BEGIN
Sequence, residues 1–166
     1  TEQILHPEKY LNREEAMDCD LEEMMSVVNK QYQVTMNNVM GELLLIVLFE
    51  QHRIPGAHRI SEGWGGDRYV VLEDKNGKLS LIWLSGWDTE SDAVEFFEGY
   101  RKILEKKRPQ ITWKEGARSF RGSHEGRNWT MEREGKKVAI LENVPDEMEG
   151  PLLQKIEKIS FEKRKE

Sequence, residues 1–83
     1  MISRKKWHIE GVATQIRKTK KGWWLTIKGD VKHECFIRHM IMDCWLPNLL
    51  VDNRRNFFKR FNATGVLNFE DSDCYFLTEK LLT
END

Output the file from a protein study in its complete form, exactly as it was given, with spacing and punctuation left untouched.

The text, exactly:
Sequence, residues 1–166
     1  TEQILHPEKY LNREEAMDCD LEEMMSVVNK QYQVTMNNVM GELLLIVLFE
    51  QHRIPGAHRI SEGWGGDRYV VLEDKNGKLS LIWLSGWDTE SDAVEFFEGY
   101  RKILEKKRPQ ITWKEGARSF RGSHEGRNWT MEREGKKVAI LENVPDEMEG
   151  PLLQKIEKIS FEKRKE

Sequence, residues 1–83
     1  MISRKKWHIE GVATQIRKTK KGWWLTIKGD VKHECFIRHM IMDCWLPNLL
    51  VDNRRNFFKR FNATGVLNFE DSDCYFLTEK LLT